Umbilical Cord Blood Transplant With Added Sugar and Chemotherapy and Radiation Therapy in Treating Patients With Leukemia or Lymphoma

    Not Recruiting
  • End date
    Oct 31, 2022
  • participants needed
  • sponsor
    M.D. Anderson Cancer Center
Updated on 23 May 2022
chronic myeloid leukemia
stem cell transplantation
myeloid leukemia
lymphoid leukemia
total body irradiation
hematologic malignancy
mycophenolate mofetil
chronic lymphocytic leukemia
chromosomal abnormalities
myelodysplastic syndromes
anti-thymocyte globulin
hodgkin's disease
acute leukemia
white blood cell count
umbilical cord blood transplantation
flow cytometry
chronic myelomonocytic leukemia
beta-human chorionic gonadotropin
ejection fraction
cytotoxic drug
residual disease
pulmonary function test
bone marrow procedure
lymphocytic leukemia
minimal residual disease
antithymocyte globulin
myeloproliferative syndromes
residual tumor
blast cells
white blood cells
human chorionic gonadotropin
progressive disease
blood transfusion
chemotherapy regimen
wbc count
myelomonocytic leukemia
complex karyotype
nucleated cells
beta human chorionic gonadotrophin
blood cell count
chromosomal abnormality
chromosome abnormality
lymphocyte immune globulin
acute biphenotypic leukemia
autologous hematopoietic stem cell transplant


This phase II trial studies how well an umbilical cord blood transplant with added sugar works with chemotherapy and radiation therapy in treating patients with leukemia or lymphoma. Giving chemotherapy and total-body irradiation before a donor umbilical cord blood transplant helps stop the growth of cells in the bone marrow, including normal blood-forming cells (stem cells) and cancer cells. When the healthy stem cells from a donor are infused into the patient they may help the patient's bone marrow make stem cells, red blood cells, white blood cells, and platelets. The umbilical cord blood cells will be grown ("expanded") on a special layer of cells collected from the bone marrow of healthy volunteers in a laboratory. A type of sugar will also be added to the cells in the laboratory that may help the transplant to "take" faster.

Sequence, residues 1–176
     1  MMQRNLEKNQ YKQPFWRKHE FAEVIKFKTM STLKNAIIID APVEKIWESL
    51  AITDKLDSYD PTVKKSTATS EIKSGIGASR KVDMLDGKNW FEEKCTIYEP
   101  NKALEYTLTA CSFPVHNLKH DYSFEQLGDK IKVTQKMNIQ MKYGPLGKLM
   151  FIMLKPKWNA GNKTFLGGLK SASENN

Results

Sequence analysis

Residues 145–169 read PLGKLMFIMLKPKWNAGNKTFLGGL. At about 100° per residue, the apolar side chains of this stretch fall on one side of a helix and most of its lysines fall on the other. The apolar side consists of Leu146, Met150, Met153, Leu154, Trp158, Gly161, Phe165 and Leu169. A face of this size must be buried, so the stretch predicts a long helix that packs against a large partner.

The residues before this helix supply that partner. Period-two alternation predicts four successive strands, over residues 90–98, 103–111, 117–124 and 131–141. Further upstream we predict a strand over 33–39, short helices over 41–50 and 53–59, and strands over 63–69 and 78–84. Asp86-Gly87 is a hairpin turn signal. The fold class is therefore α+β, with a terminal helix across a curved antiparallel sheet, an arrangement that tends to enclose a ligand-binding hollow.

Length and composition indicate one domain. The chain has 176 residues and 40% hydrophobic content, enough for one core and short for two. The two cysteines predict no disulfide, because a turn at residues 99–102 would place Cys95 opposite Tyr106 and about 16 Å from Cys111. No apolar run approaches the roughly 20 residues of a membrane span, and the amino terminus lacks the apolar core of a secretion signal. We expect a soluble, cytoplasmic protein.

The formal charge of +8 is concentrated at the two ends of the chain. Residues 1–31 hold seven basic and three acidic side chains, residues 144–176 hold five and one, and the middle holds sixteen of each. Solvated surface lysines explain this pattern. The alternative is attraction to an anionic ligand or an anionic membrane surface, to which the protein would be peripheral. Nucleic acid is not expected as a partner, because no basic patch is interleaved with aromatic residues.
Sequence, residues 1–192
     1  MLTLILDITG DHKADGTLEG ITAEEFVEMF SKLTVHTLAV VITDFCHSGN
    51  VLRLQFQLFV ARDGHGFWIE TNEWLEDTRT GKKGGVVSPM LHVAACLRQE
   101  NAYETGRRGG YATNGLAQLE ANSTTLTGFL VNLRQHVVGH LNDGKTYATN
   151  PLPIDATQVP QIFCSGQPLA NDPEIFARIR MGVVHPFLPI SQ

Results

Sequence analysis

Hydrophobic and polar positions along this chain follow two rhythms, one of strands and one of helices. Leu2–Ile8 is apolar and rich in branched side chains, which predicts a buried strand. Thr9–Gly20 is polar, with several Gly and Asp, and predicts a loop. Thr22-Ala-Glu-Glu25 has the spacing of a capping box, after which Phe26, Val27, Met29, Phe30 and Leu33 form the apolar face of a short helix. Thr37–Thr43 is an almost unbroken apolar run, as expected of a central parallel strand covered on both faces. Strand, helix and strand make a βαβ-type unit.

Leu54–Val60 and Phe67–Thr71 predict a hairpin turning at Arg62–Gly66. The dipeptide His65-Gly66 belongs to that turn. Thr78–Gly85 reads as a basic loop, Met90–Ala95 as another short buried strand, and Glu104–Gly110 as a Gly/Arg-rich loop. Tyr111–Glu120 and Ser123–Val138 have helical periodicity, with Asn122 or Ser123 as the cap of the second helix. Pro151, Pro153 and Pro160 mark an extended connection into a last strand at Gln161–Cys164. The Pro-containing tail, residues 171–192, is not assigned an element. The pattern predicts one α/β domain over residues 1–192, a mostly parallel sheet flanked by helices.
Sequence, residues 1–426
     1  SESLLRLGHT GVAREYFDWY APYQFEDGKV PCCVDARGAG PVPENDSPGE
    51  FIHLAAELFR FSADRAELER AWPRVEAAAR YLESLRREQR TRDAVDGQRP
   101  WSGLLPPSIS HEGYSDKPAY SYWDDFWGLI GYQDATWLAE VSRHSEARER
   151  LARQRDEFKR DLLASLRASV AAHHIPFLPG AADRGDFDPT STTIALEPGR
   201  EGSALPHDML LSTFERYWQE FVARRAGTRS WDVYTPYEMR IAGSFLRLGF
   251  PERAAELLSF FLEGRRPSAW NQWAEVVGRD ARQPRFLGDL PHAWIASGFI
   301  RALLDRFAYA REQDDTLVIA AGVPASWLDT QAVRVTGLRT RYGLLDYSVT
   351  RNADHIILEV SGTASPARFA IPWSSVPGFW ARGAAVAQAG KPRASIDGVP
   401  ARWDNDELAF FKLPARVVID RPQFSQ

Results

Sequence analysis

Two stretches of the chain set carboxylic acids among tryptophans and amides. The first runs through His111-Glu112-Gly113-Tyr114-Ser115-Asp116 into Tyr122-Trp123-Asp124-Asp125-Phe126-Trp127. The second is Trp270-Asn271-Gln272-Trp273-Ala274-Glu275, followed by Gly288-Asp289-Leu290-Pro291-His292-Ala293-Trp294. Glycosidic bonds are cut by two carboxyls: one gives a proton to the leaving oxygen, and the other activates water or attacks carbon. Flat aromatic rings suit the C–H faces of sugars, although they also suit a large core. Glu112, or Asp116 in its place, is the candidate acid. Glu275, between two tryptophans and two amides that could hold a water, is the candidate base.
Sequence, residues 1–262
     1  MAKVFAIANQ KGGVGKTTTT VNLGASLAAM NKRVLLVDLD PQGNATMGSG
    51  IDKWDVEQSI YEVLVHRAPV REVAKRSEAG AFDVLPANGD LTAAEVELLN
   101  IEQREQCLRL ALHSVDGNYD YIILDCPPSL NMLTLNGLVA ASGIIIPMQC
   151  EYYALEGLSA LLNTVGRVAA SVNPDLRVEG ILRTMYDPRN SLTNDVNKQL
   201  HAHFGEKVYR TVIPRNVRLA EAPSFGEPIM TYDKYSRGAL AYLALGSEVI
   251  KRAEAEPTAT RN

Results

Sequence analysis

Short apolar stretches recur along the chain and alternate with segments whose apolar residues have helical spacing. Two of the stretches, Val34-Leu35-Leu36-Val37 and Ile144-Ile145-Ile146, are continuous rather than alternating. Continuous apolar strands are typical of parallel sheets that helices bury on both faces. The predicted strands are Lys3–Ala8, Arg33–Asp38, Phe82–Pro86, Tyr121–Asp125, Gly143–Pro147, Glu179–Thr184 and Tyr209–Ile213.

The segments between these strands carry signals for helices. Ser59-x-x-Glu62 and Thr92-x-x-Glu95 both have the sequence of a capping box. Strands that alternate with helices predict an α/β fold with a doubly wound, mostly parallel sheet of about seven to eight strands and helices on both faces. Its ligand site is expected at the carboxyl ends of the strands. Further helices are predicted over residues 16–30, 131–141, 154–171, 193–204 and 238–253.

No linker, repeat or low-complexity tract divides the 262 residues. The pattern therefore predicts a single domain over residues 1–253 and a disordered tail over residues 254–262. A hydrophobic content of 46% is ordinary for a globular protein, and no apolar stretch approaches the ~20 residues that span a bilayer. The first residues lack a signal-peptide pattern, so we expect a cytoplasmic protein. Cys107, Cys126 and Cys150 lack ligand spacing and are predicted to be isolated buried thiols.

I. To evaluate the safety and feasibility of transplantation of cord blood which is expanded in mesenchymal precursor cell (MPC) co-cultures then fucosylated with fucosyltransferase (FT)-VI and guanosine diphosphate (GDP) fucose prior to infusion in patients with hematologic malignancies following high-dose therapy.

II. To evaluate the time to engraftment using expanded fucosylated cord blood.


I. To evaluate the rate and severity of graft versus host disease. II. To evaluate the rates of infectious complications. III. To evaluate the rates of disease-free and overall survival.

OUTLINE: Patients are assigned to 1 of 3 groups.

GROUP I: Patients receive rituximab intravenously (IV) on day -11, anti-thymocyte globulin (ATG) IV over 4 hours on days -9 and -8, fludarabine IV over 1 hour, clofarabine IV over 1 hour, busulfan IV over 3 hours on days -7 through -4, and total body irradiation (TBI) on day -3. Patients then receive a cord blood transfusion IV on day 0.

GROUP II: Patients receive ATG IV over 4 hours on days -8 and -7, fludarabine IV over 30 minutes on days -5 to -2, and melphalan IV over 30 minutes on day -2. Patients then receive a cord blood transplant IV on day 0.

GROUP III: Patients receive ATG IV over 4 hours on days -8 and -7, fludarabine IV over 30 minutes on days -6 to -3, cyclophosphamide IV over 1 hour on day -6, and one low-dose treatment of TBI on day -1. Patients then receive a cord blood transplant IV on day 0.

GVHD PROPHYLAXIS: All patients also receive mycofenolate mofetil IV over 2 hours or orally (PO) twice daily (BID) on days -3 with a taper beginning on day 100 in the absence of GVHD, tacrolimus IV or PO starting on day -2 for 6 months in the absence of GVHD, and filgrastim-sndz subcutaneously (SC) once daily (QD) starting on day 0 until white blood count begins to recover.

After completion of study treatment, patients are followed up at months 1, 3, 6, and 12.

Condition Accelerated Phase Chronic Myelogenous Leukemia, BCR-ABL1 Positive, Acute Biphenotypic Leukemia, Acute Leukemia, Acute Lymphoblastic Leukemia, Acute Lymphoblastic Leukemia in Remission, Acute Myeloid Leukemia, Acute Myeloid Leukemia Arising From Previous Myelodysplastic Syndrome, Chemotherapy-Related Leukemia, Chronic Lymphocytic Leukemia, Chronic Myelogenous Leukemia, BCR-ABL1 Positive, Chronic Myelomonocytic Leukemia, Hodgkin Lymphoma, Langerhans Cell Histiocytosis, Minimal Residual Disease, Myelodysplastic Syndrome, Myelodysplastic Syndrome With Excess Blasts, Non-Hodgkin Lymphoma, Recurrent Hodgkin Lymphoma, Refractory Acute Lymphoblastic Leukemia, Refractory Myelodysplastic Syndrome, Small Lymphocytic Lymphoma, Therapy-Related Myelodysplastic Syndrome
Treatment Rituximab, G-CSF, anti-thymocyte globulin, cyclophosphamide, mycophenolate mofetil, busulfan, melphalan, Fludarabine, Tacrolimus, Total-Body Irradiation, MESNA, Clofarabine, Total body irradiation, Umbilical Cord Blood Transplantation, Cord Blood Transplant, ATG, ATG, Mycofenolate mofetil, Filgrastim-sndz
Clinical Study IdentifierNCT03096782
SponsorM.D. Anderson Cancer Center
Last Modified on23 May 2022

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